Rail users in south east London and north Kent will be hit by the largest fares hike in five years next month.

Average ticket prices will go up by 3.4 per cent on January 2, the Rail Delivery Group has said.

This is the largest hike since 2013, when fares were increased by 3.9 per cent.

The increase affects both regulated fares, which includes season tickets, and fares such as off-peak leisure tickets.

One in nine trains failed to meet the rail industry's punctuality target in the past 12 months.

The RDG said more than 97p in every pound from fares goes back into improving and running the railway.

Chief executive Paul Plummer noted that the Government controls increases to almost half of fares while the rest are "heavily influenced" by the payments train companies make as part of contracts to run franchises.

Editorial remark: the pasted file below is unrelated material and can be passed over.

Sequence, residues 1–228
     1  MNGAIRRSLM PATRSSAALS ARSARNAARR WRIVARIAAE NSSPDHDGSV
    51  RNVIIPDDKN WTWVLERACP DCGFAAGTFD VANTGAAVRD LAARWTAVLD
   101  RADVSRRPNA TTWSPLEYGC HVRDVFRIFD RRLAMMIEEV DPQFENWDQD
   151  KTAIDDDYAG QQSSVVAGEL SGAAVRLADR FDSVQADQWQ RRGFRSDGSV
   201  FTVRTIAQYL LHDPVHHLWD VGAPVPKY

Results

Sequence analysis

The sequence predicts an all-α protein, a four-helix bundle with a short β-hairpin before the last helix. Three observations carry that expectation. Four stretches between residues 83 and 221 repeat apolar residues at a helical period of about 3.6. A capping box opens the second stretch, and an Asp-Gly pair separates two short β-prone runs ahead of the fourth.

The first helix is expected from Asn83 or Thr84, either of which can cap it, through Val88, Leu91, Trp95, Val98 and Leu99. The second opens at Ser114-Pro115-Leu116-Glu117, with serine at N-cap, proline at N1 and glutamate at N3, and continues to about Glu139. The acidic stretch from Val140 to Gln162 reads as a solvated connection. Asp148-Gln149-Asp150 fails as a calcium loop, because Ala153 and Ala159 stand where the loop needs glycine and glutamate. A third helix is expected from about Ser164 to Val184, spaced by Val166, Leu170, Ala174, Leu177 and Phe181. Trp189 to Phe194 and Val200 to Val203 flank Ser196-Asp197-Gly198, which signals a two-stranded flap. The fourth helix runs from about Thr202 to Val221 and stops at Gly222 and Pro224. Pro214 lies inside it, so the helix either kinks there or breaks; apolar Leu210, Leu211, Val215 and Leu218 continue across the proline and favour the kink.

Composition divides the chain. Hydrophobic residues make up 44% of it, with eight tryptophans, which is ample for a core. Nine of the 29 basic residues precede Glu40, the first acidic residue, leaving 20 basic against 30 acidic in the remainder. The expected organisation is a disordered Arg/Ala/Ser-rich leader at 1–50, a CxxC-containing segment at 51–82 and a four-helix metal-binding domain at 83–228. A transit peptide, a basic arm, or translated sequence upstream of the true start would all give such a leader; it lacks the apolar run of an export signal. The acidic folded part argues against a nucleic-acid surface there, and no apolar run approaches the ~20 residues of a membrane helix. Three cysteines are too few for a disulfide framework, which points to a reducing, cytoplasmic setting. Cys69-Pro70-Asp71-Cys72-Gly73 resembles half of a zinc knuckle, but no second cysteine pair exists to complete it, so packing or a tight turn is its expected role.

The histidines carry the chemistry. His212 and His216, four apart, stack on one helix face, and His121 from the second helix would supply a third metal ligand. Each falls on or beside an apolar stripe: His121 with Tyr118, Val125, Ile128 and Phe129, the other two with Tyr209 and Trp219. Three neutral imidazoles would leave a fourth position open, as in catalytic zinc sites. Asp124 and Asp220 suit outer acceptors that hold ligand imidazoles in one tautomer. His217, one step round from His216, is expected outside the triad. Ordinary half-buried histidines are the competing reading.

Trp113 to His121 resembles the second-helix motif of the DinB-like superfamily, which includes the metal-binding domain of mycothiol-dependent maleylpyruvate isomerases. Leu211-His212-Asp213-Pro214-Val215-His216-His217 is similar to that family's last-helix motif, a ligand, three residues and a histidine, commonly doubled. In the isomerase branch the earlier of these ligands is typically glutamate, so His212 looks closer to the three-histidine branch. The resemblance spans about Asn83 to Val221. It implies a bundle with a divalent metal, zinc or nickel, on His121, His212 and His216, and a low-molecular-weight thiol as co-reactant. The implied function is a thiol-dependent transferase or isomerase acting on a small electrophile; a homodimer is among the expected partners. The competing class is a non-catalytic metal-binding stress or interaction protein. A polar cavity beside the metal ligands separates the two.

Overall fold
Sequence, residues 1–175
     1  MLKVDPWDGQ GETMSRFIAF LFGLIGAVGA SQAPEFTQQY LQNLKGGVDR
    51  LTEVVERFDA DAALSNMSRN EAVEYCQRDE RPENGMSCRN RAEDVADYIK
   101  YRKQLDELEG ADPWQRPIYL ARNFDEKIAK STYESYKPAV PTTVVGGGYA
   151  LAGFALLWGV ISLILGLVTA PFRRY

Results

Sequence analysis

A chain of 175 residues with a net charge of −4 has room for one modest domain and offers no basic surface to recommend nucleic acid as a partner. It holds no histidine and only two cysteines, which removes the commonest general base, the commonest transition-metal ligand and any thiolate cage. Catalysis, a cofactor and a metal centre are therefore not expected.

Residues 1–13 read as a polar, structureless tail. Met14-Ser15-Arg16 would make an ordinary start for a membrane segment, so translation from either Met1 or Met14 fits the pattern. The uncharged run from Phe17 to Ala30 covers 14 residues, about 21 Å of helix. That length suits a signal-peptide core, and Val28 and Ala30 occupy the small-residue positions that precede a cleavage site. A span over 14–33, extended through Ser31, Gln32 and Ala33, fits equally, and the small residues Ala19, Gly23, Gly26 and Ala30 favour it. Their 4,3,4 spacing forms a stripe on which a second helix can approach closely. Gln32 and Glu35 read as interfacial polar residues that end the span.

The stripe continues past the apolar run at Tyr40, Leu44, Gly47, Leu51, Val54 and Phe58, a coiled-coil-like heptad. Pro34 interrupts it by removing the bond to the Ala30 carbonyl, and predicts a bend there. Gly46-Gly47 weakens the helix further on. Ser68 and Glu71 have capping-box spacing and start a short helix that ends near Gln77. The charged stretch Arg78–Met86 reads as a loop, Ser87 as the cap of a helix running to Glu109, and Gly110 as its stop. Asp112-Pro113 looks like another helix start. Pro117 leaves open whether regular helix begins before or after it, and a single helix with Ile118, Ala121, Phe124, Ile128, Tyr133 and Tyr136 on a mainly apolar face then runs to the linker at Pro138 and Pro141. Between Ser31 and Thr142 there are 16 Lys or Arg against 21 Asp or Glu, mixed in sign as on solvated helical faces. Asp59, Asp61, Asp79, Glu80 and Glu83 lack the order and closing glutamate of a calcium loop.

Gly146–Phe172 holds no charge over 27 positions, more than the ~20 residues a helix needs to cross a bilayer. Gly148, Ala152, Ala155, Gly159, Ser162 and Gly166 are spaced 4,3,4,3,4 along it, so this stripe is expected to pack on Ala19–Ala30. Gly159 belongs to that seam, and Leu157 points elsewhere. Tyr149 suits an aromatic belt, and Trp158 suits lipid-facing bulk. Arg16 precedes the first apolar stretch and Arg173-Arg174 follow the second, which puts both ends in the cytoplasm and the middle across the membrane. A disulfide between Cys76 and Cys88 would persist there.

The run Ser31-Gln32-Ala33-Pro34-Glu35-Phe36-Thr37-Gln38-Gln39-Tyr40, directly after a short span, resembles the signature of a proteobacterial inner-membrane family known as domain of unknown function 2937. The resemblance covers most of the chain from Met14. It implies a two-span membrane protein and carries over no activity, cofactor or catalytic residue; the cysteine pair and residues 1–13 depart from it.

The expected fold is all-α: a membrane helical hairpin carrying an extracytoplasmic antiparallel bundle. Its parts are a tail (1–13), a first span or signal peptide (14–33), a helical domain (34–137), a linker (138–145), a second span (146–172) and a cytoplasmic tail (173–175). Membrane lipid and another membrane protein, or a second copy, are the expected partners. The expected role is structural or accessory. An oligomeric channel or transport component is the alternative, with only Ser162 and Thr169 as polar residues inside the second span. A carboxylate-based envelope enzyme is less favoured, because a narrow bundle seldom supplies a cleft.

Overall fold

He said: "Alongside investment from the public and private sectors, money from fares is underpinning the partnership railway's long-term plan to change and improve."

Plans for the biggest modernisation of Southeastern were announced last week, including plans to cut some servies.

Average rail fares for Southeastern services rose by just under 2 per cent last year.

The Rail, Maritime and Transport union described the fares announcement as "another kick in the teeth" for passengers.

General secretary Mick Cash said: "For public sector workers and many others in our communities who have had their pay and benefits capped or frozen by this Government, these fare increases are another twist of the economic knife.

"The private train companies are laughing all the way to the bank."